The Princess is playing Chopin in the living room, which marries uneasily to the music playing softly through my desktop speakers. It makes me smile. As soon as I finish this I’m off for a run, and then it’s work, work, work. As usual. I feel like the year’s turned a corner, which would be nice if it hadn’t taken over half of it to do so. Of course the news is still terrible, but I have a faint glimmer or two of optimism welling up inside my tiny, shriveled, blackened little heart.

I’ll take it.

Muse, Exercise Vengeance

The Muse has decided that I need to write short stories after finishing revisions on Cormorant Run. I finished a 7K short for an upcoming anthology, and it made me feel almost frantic with loathing. Not because the story is bad, though it could very well be, but because it’s Perry. If there’s a single character that makes me want to scrub myself with hot water, bleach, and a wire brush, it’s him. If I didn’t feel like scrubbing myself raw after a scene with him, I went back and did it again, over and over. Trying to do justice to a hellbreed’s disgustingness is no small order.

So it’s leaving that zero draft to soak in itself for a little bit, while I write the carnivorous mermaid one–alternately titled Fish and The Sea Has Time, though I suspect in the end its title will be a third choice–and then it’s straight into revisions for The Marked. I know Cormorant Run will need another pass, because it’s just that type of book.

So it’s all short stories all the time over here, for at least the next couple of days. While I wouldn’t go so far as to say I dislike writing them, I do find them difficult in different ways than novels. A full-length book is an endurance contest, and I am particularly fitted for those. Short stories are a sprint, an iaido cut instead of a drawn-out slugging match, and they require that I know the arc already before my hand even moves for the hilt. It’s an entirely different set of mental muscles, one I don’t use naturally. So, short stories are hard, and I prefer not to work in that vein.

Which just makes it ever so much more ironic that the Muse is serving them up now. “Here,” she says, “is the entire arc, I already did it for you, now write me this.” Serving up what she thinks I need, dammit. It doesn’t help that short stories aren’t very financially viable, either. Not a good return on my investment of working time. Although I should put together a collection of them, one of these days.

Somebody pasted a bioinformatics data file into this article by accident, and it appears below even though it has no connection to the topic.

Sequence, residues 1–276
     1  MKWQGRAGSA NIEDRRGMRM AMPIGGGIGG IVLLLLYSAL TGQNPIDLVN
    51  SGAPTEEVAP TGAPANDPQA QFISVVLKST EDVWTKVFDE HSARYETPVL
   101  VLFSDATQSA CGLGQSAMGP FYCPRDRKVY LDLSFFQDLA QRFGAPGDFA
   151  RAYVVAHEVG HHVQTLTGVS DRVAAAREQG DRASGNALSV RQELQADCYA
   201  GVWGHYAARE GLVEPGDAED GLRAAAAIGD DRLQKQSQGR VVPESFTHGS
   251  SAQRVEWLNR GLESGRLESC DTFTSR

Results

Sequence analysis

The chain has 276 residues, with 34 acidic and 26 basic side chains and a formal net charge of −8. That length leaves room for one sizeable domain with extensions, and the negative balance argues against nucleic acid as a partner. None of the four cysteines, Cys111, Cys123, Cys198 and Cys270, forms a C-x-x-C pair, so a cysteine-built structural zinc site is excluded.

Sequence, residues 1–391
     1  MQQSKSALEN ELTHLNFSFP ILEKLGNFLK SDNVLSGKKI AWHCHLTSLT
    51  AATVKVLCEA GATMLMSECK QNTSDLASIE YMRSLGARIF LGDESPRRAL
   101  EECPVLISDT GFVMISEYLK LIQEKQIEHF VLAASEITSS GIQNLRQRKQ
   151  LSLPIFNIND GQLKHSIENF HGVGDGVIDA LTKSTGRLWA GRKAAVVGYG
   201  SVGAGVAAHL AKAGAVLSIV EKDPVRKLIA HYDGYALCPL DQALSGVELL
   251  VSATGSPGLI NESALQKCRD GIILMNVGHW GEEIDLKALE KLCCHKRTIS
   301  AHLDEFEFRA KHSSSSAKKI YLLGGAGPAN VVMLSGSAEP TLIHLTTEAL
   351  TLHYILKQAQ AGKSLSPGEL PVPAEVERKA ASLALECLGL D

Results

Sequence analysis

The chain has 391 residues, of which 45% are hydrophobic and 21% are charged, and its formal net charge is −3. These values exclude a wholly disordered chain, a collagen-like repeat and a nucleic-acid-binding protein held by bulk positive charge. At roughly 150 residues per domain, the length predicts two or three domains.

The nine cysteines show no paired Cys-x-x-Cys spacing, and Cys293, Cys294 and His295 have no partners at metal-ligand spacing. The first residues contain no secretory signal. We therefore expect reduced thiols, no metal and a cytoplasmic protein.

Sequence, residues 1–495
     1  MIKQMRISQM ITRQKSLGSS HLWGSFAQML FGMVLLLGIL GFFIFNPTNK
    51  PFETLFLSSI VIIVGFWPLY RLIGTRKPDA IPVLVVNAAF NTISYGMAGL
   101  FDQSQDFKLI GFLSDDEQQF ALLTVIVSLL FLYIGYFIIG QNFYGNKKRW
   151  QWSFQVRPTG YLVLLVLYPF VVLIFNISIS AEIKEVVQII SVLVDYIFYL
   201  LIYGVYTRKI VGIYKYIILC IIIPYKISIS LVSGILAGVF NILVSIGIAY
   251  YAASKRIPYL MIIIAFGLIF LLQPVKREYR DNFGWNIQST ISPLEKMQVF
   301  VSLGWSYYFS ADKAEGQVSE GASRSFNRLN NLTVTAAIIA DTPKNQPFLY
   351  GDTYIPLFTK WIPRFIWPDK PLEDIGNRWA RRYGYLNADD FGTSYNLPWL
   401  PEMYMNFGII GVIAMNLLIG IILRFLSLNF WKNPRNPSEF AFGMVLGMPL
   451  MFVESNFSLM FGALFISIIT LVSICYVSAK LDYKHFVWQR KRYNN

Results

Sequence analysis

It doesn’t matter–my job is to swing for what she pitches, no matter what brand the spinning globes are. But I really would prefer it otherwise. I think maybe she’s getting back at me for exercising her in new ways. Cormorant Run was probably the strangest thing I’ve ever written to date, and Afterwar, the next big project, is similarly complex, new, and terrifying.

So maybe the Muse is just giving me her version of a breather before we go into the trenches for Something Different again. it’s a version that’s twice as much work as regular work, of course, because the Muse is a bitch and wants me to despair.

*sigh* Off I go to write a mermaid. Enjoy your Monday similarly, my chickadees.

In Which I Enjoy a Problematic Movie

So yesterday I played hooky after a doctor’s appointment and went to see Legend of Tarzan. It was serviceable–I have a thing for the Tarzan story, even though Burroughs is problematic as fuck. Margot Robbie was a decent Jane, and the CGI was great. Skarsgard looked fluid and very lithe, and clearly liked Robbie a lot. Their pairing had chemistry. It was Samuel L. Jackson and Skarsgard who had the most screen time together, and their chemistry is pretty brilliant. I would love a Jackson/Skarsgard buddy movie. HOLLYWOOD, GET ON THAT.

As for the rest of it, well, it’s a Magical Honky[1] Film based on a huge series of Magical Honky Books, so it’s not going to be anything other than–you guessed it–problematic. And oh, that source material! Before going in, I skimmed the original Tarzan one and two, and rolled my eyes in all the usual places.

I wouldn’t mind seeing a film about the early stages of Tarzan and Jane’s relationship, with Skarsgard and Robbie on deck. That’s what I’m really into the Tarzan thing for, and while I got a bit of it here, there was much more roller derby and not a lot of girlfriend. Which is okay, I like roller derby.

All in all, it did exactly what I wanted it to do, even though I winced at all the Magical Honky tropes.

So today it’s back to work. I’m glad I listened to my writing partner, who said, “THIS IS TOTALLY YOUR NARRATIVE CRACK, GO SEE IT AND ENJOY IT FA CRY-EYE.” I have been hitting the “work work and nothing else” button a little hard lately. Sinking back into the Cormorant Run world is…strange, and a little disconcerting. It came out of my head in such a rush, all its sharp edges tearing, and those places inside my skull are still tender. I keep flinching, having to force myself to look at what happens next, because I know things just get worse for pretty much every character, and now I’m really slowing down and describing the “worse.”

I needed a little restoration, and a little time off from the discomfort. Now it’s time to get back into the fray.

Over and out.

[1] This is the trope where a white boy is Better and Faster and Braver and More Super than any of the darker-skinned people he’s raised by/rescued by/comes into contact with, and ends up ruling them. The darker-skinned people are often, in this trope, conflated with animals/savagery somehow, which makes the whole thing patronizing as well as racist.